I have nothing to promote or gain through this and I am not unhappy with the current state of my life, I am not a disgruntled ex-musician or seeking attention through my grief. I want to especially thank those few adult musicians and employees who took the time to earnestly check in on me as a person when I was still a teenager; seeing past cliques or industry careers and just recognizing a naive young man who probably didn’t understand what he was in the middle of.
At the time I detested your efforts and I understood you to be bitter ex-devotees who had simply failed to adhere to the guidance and genius of Cathy’s leadership.
Thank you all for taking the time to read or listen to this, I feel shame, embarrassment, and loneliness as I finish writing here. It is no accident that I feel these feelings now in the same way that it is no accident that it has taken me close to a decade to speak up about something that follows me every day. It feels treasonous.
Your last text to me was sent after I came out publicly as queer. You said: ‘Sending love to you Henry. I’m so happy you were able to share your truth today.’
I do not expect this to be an easy process for you, I hope you will see value reflected in my truth and that others will provide their truths as well.
I believe that Sargent House truly deserves this, not to be torn down, but to be held to the standard it purports to
Pellow has since responded with the following:
“I have been trying to gather the right words to say in light of a recent video uploaded to social media by an artist I managed named Henry Kohen in which he shared some experiences during his time living at my office / home.
To Henry, I sincerely apologize and had no idea how much my words and actions hurt you. I have sent you a private message that further expresses my regret about the events that impacted you. If you choose to share that message publicly, that is of course your decision to make.
I also want to apologize to any past employees or artists who have been negatively impacted by my actions. I’ve been too oblivious and unaware of the harm that my bad behavior had caused, I know that doesn’t excuse the facts and I take responsibility for any pain I brought to those around me. I feel ashamed and am truly remorseful.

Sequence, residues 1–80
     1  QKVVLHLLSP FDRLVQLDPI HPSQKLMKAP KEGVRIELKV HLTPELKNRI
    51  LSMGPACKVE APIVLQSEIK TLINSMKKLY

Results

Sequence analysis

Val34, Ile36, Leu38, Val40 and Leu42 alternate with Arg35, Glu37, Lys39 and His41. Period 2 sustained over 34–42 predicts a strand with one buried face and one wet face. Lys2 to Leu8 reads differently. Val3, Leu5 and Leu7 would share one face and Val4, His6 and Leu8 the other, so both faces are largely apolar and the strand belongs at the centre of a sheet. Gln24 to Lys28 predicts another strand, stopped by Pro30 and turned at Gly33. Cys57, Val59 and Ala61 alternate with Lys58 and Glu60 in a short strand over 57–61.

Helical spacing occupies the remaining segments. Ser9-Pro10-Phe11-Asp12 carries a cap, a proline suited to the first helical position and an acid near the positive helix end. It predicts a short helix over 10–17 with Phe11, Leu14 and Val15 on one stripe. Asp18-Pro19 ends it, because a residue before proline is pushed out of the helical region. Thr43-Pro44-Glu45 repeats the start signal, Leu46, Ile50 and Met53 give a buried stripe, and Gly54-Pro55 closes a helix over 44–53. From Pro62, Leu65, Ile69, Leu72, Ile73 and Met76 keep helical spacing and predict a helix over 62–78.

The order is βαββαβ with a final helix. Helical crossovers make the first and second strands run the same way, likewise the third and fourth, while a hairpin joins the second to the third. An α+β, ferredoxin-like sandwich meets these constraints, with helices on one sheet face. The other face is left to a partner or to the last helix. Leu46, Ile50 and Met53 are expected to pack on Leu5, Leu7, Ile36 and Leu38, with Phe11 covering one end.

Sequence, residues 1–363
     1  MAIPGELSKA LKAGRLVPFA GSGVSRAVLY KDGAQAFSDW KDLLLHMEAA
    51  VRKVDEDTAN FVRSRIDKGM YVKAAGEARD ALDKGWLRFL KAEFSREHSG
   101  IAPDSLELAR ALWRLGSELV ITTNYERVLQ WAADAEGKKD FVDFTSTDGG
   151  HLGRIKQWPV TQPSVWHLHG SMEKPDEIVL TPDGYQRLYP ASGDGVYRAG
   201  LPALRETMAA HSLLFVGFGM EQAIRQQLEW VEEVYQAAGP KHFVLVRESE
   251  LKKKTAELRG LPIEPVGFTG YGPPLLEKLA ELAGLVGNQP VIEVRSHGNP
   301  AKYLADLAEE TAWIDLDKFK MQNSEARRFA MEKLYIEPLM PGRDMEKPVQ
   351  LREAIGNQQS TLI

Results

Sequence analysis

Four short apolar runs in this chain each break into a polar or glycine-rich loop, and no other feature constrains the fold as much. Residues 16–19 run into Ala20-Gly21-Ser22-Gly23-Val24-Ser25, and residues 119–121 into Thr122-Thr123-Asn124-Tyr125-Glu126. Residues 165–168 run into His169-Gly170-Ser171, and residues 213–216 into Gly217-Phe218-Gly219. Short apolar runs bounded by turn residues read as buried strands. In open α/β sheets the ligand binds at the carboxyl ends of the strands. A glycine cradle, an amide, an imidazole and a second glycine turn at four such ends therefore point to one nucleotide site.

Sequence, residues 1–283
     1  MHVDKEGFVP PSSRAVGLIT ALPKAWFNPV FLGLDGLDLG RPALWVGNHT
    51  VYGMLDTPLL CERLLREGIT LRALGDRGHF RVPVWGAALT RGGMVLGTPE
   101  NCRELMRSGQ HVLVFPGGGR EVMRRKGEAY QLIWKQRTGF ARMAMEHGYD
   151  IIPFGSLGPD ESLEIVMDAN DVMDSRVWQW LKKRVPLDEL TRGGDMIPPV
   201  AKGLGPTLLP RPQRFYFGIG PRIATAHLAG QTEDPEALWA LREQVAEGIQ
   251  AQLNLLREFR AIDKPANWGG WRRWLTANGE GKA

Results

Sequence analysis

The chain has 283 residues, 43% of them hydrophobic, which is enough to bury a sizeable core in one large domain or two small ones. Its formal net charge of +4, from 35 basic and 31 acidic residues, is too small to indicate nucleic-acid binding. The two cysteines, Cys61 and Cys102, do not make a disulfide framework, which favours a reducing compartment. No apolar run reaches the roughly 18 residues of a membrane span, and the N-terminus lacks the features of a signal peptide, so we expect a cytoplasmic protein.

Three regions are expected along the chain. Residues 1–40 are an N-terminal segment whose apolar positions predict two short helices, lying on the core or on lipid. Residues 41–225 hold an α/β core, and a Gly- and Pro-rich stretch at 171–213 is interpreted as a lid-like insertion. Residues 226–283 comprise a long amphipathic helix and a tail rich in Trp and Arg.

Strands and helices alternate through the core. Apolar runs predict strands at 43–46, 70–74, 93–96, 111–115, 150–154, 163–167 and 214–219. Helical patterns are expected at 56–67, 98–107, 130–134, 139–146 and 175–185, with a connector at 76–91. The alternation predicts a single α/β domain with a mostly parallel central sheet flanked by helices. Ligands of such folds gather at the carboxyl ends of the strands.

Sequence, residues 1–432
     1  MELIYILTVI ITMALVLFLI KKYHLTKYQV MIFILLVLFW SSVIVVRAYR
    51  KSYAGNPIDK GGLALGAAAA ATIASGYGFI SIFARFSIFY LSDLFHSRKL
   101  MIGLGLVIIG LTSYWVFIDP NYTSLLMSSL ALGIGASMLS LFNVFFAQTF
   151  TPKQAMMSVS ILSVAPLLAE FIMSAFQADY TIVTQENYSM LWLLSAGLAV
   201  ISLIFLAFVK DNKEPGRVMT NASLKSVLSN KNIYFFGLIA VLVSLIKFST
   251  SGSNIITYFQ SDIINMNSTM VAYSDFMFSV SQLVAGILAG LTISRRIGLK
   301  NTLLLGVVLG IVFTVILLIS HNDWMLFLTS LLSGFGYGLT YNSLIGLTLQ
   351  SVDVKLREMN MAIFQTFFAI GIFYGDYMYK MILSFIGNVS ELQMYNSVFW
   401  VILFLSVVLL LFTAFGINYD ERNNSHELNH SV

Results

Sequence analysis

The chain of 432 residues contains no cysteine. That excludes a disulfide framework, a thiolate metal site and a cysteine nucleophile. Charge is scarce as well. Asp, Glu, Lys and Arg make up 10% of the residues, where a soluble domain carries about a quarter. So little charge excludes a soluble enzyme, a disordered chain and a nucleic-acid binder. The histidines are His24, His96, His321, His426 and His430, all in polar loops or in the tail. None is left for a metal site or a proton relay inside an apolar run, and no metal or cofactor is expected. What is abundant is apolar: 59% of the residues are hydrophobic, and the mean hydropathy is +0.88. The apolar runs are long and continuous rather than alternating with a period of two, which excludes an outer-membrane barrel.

I want to do right by those I have let down and I am open and welcoming to anyone who would be willing to have a conversation with me. I see now how offensive I was to a lot of people, but I am human and hopefully deserving of a chance to make amends.
Sobriety has been really important to me in recent years, especially during and after the pandemic. I do not expect to gain any sympathy from anyone, but I am no longer the person I used to be, and I am striving to become a better person and correct my past mistakes. With that in mind, I have closed the management side and will be stepping away from Sargent House to focus on the things I can do to fix these issues and take care of my own mental health.
I am the only one that can account for my actions, so I ask that people direct their anger or disappointment towards me and not toward any of the artists associated past or present. I hope fans of the music released through Sargent House can separate my shortcomings from the work done for and by the artists that we all love and cherish, they should not take any blame for this.
There is a lot of work ahead and I am only beginning this process. I have created a personal Instagram account @cathyp_1956 so that I can continue the conversations without being a distraction to the artists and people that continue to do amazing work at Sargent House“
A number of other artists have chimed in as well. Among them was Chelsea Wolfe, who said the following:
“I no longer work with Cathy Pellow. I left last summer for my mental health”
Kristina Esfandiari (King Woman) added:
“Chelsea Wolfe I second this. I also left a few years ago.”
Kristin Hayter (Lingua Ignota) also commented:
“I have been working very hard to make my life as healthy and happy as possible. A big part of that equation meant ending my relationship with Cathy Pellow, which I did last year. I am focusing on my future and will be going into detail about my experience but I stand in unequivocal support of the artists and employees speaking out. I am grateful to be free and healing. Sending big love, K”
[via The PRP]
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[…] previously reported, Sargent House founder Cathy Pellow recently stepped down from the label after facing a number of […]